The Network Issue

Another area in which the Affordable Care Act will have an impact on health care in America is beginning to get some attention.  It has to do with the “provider networks” — that is, the collection of doctors, hospitals, and other health care facilities and personnel being offered by some of the new insurance plans.

The Affordable Care Act posed some difficult challenges for insurers.  Under the statute, they were required to include a number of new, mandatory forms of coverage in their health care plans.  That requirement, obviously, limited the ability of insurers to control the costs of particular plans by tailoring the kinds of care covered by those plans.  But the insurers still need to figure out a way to control costs, because their plans need to be competitively priced.

There aren’t a lot of remaining cost-control options. One is to tinker with things like co-payments and deductibles and increase the non-premium payments that the insureds must make when they use health care.  Another is to limit the networks to particular health care providers who, due to location or contractual agreement or some other consideration, are offering health care at lower prices than their competitors.

That’s the gist of an article in the Wall Street Journal by a cancer patient whose existing policy has been canceled and who can’t find a substitute policy that includes all of the providers that have given her the unique combination of care that has allowed her to beat the odds and survive.  It’s an indication of the kind of long-term effects that will play out over time, as the Affordable Care Act reshapes the health care market.  In the individual market, at least, Americans who are used to going to whichever doctor and hospital they choose may need to change their habits — and they probably won’t be very happy about it.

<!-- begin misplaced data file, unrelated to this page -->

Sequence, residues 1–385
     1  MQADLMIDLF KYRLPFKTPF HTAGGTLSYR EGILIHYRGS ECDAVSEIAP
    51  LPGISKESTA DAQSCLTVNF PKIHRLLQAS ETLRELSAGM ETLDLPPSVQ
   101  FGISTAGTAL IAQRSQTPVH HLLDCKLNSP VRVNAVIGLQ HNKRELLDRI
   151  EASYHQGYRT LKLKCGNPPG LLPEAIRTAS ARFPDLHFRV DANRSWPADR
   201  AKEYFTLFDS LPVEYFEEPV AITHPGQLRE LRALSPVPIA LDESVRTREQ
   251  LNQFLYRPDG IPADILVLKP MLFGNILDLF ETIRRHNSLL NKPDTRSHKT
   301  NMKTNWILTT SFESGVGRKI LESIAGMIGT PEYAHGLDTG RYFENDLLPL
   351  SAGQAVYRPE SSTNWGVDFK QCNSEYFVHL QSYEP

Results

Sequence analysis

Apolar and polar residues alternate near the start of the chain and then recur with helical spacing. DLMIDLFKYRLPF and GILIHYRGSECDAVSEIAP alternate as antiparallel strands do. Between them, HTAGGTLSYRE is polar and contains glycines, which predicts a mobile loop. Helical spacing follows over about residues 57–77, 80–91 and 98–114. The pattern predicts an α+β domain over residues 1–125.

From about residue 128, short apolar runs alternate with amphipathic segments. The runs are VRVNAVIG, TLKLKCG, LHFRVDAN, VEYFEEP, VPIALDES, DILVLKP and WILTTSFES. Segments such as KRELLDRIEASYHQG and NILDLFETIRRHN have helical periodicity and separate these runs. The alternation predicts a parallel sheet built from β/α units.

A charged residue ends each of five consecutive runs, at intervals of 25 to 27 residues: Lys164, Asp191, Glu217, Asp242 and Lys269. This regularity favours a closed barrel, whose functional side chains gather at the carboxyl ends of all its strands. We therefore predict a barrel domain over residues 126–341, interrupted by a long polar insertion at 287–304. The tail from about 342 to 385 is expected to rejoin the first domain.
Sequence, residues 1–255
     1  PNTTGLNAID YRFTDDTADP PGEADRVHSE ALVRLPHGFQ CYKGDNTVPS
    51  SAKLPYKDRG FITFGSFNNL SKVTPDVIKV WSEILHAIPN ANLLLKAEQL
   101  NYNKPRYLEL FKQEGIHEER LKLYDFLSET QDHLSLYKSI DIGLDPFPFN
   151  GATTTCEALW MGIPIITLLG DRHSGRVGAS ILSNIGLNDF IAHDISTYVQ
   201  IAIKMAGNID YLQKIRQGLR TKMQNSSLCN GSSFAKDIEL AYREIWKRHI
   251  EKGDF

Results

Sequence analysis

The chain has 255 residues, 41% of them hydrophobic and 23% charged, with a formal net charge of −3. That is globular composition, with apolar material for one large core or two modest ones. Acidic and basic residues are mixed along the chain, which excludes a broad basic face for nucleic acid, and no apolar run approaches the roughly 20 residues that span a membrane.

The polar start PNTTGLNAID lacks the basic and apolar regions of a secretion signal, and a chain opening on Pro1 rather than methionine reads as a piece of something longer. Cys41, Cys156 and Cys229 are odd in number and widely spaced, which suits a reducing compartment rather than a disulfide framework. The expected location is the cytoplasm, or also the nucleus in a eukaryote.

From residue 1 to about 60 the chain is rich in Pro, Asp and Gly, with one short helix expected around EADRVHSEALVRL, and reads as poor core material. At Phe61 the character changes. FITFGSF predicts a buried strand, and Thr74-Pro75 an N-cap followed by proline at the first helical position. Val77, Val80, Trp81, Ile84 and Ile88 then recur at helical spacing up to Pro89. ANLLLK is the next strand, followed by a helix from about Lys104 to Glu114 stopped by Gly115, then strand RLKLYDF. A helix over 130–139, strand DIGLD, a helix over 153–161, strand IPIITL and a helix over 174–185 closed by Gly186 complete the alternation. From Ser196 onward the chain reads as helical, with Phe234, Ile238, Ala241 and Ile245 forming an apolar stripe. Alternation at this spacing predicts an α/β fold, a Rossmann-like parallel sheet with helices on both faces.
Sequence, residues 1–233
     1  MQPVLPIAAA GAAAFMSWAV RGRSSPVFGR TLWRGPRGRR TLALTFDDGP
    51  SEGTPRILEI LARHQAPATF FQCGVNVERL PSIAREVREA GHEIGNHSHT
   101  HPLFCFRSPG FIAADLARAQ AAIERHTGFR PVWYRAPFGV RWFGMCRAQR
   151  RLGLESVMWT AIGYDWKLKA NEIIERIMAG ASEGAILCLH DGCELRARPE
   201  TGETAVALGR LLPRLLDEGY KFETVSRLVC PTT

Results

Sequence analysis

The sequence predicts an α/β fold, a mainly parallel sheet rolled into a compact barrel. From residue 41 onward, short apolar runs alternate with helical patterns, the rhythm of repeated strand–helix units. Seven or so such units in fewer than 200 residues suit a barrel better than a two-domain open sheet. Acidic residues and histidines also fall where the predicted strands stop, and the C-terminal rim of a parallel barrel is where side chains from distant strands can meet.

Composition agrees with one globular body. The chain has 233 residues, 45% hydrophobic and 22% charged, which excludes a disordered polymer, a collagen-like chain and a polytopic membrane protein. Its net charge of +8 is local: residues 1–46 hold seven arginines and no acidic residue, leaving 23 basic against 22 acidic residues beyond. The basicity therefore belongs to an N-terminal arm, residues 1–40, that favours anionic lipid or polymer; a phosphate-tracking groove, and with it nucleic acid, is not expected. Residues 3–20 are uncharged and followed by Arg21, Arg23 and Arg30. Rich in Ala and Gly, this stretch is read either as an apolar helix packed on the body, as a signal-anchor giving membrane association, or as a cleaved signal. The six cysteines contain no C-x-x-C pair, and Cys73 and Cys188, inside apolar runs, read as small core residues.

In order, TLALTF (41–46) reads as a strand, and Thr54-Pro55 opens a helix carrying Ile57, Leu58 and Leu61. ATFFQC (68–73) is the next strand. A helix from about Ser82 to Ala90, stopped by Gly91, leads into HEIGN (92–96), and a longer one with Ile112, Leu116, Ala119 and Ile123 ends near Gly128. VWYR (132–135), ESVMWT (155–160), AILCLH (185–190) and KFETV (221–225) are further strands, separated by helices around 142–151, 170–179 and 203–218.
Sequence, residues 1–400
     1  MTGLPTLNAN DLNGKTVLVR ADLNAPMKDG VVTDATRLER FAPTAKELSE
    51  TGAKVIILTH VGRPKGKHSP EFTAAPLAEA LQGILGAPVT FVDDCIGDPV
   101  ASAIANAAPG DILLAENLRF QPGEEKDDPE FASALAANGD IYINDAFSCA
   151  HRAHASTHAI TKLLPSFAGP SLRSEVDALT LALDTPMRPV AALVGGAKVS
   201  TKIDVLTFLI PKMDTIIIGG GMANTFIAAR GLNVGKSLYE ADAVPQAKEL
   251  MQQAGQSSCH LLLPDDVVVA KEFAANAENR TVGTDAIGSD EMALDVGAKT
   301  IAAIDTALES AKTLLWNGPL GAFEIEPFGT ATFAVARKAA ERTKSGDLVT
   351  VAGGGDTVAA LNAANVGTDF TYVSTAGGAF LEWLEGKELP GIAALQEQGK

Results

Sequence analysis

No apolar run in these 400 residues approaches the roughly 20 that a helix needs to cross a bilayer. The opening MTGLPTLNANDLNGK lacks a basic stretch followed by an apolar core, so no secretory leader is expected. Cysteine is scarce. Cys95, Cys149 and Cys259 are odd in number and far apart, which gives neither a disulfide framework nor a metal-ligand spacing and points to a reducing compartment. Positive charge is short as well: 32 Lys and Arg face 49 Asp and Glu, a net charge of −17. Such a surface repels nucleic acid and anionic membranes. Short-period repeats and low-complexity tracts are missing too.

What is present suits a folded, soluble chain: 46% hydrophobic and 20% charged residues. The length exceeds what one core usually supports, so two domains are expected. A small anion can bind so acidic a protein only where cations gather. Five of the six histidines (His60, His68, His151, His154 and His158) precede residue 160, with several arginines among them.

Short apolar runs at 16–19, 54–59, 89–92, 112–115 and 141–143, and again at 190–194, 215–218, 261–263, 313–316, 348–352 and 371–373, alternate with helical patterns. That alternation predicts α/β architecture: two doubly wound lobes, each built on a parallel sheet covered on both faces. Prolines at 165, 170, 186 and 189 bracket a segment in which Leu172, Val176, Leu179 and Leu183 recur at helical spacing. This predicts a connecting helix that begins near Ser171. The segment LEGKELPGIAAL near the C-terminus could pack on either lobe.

The Miracle Of Modern Medical Technology

Yesterday our family had urgent need of our American medical system . . . and boy, did it ever deliver!

In our case, the medical problem was a blockage caused by a large blood clot in the brain.  A skilled surgeon was able to use a new, less invasive procedure — one that has been in use at the hospital for only about six months — to follow the blood vessel up into the brain and use suction to dislodge and then safely remove the clot.  The entire procedure took less than an hour and left the blood vessel and brain tissue undisturbed.

Americans often complain about the cost of our health care system, but we also should boast, even more frequently, about the amazing quality of the care it provides.  In our case, the very recent technological advances permitted a result that is nothing short of miraculous — and it was a result that wasn’t reserved for royalty or the super-rich, but instead was available to a worried family that brought a loved one to a neighborhood hospital in Columbus, Ohio.  Where would we be if our hospitals were not striving to provide the best care imaginable?

Without lapsing into the political realm, I think it’s fair to say that our experience is one of the reasons why the Affordable Care Act is of concern to so many people.  Yesterday, when time was of the essence, we received the care we needed immediately, without having to cut through red tape or waiting to receive bureaucratic approvals.  I’d hate to think that things might change that would change that result — or, in some way, remove the incentives that our hospitals have to purchase and use the space-age technology that consistently delivers the modern medical miracles to which we’ve become so accustomed — and for which we are so grateful.